So how often do you download a package from somewhere, unpack it, and go line by line through the source to make sure it's safe before installing it on your box? Probably not very often, because that would be a huge pain and even most Linux users won't be able to understand the code well enough to make a good judgment. On a server box, you'll likely stick to production repositories direct from your vendor, so the risk of malware is low, but I'm sure most people have downloaded packages from third parties for their desktop systems and run them without being absolutely sure they were safe. With Linux, you can get away with this because none of the malware writers care enough about Linux to port their software to it, but they certainly would if it gained significant market share.

Review Scores the "Least Important Factor" When Buying Games 169

A recent report from a games industry analyst suggests that among a number of factors leading to the purchase of a video game — such as price, graphics and word of mouth — the game's aggregated review score is the least important measure. Analyst Doug Creutz said, "We believe that while Metacritic scores may be correlated to game quality and word of mouth, and thus somewhat predictive of title performance, they are unlikely in and of themselves to drive or undermine the success of a game. We note this, in part, because of persistent rumors that some game developers have been jawboning game reviewers into giving their games higher critical review scores. We believe the publishers are better served by spending their time on the development process than by 'grade-grubbing' after the fact."

Computer Games and Traditional CS Courses 173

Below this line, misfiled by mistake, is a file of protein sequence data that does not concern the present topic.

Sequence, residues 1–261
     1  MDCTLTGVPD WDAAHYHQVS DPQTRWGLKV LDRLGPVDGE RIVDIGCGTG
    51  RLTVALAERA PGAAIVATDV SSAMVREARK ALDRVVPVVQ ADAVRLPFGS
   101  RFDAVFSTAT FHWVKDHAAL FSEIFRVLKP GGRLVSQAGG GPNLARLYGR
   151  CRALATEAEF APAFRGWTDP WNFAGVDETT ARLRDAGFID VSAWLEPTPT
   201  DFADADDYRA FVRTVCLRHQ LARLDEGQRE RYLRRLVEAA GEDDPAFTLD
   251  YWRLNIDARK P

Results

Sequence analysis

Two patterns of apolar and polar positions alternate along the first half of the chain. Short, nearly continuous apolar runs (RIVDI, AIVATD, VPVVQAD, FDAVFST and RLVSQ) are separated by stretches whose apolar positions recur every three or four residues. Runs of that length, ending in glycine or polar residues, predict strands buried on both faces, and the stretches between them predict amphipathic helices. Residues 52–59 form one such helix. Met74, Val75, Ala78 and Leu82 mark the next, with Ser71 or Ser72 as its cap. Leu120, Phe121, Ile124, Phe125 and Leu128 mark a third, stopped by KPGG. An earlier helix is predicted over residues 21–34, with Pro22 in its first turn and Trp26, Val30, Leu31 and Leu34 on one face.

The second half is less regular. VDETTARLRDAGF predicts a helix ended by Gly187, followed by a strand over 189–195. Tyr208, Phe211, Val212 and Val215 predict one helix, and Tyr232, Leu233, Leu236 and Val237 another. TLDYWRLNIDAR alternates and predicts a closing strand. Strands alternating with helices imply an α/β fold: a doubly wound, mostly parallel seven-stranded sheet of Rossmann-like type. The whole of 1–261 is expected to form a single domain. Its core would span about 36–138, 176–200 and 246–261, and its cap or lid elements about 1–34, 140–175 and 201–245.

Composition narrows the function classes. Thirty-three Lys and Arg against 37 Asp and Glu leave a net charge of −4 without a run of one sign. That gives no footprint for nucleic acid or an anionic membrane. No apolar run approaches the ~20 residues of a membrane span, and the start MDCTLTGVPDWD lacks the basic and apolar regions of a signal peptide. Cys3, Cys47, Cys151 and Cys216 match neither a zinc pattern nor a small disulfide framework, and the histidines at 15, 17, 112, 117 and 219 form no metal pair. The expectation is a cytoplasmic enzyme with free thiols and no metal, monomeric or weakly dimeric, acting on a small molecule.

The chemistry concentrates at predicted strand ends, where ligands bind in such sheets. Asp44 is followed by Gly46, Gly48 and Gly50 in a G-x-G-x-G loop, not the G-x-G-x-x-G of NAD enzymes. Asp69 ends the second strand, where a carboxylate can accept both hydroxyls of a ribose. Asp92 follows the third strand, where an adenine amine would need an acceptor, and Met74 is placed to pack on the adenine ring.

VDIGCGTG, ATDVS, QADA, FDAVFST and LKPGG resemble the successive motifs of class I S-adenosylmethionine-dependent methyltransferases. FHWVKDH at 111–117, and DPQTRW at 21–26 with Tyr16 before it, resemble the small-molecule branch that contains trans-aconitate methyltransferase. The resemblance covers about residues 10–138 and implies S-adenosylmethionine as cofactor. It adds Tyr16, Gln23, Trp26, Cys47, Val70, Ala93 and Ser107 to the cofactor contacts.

drroman22 writes "Schools are working to put real-world relevance into computer science education by integrating video game development into traditional CS courses. Quoting: 'Many CS educators recognized and took advantage of younger generations' familiarity and interests for computer video games and integrate related contents into their introductory programming courses. Because these are the first courses students encounter, they build excitement and enthusiasm for our discipline. ... Much of this work reported resounding successes with drastically increased enrollments and student successes. Based on these results, it is well recognized that integrating computer gaming into CS1 and CS2 (CS1/2) courses, the first programming courses students encounter, is a promising strategy for recruiting and retaining potential students." While a focus on games may help stir interest, it seems as though game development studios are as yet unimpressed by most game-related college courses. To those who have taken such courses or considered hiring those who have: what has your experience been?

Comment Re:Where's the... (Score 1) 507

That would be all well and good if the application of law was actually clearly dictated to solve a problem.

However, if you've ever watched a court case involving a victim (or a victim's family), especially one with a jury and ESPECIALLY one involving the media, the closing statement is always hinged on "help the victim feel that justice was done". And inevitably, the jury decision hinges strongly on the victim (and family) on the stand, crying about how they won't ever feel whole until this crazy man is locked up forever.

On the macro and philosophical level the justice system may be about solving a problem, but on the micro psychological level, it's about revenge and retribution.

While I don't necessarily disagree with you, I just want to make sure you understand that when you consider both sides.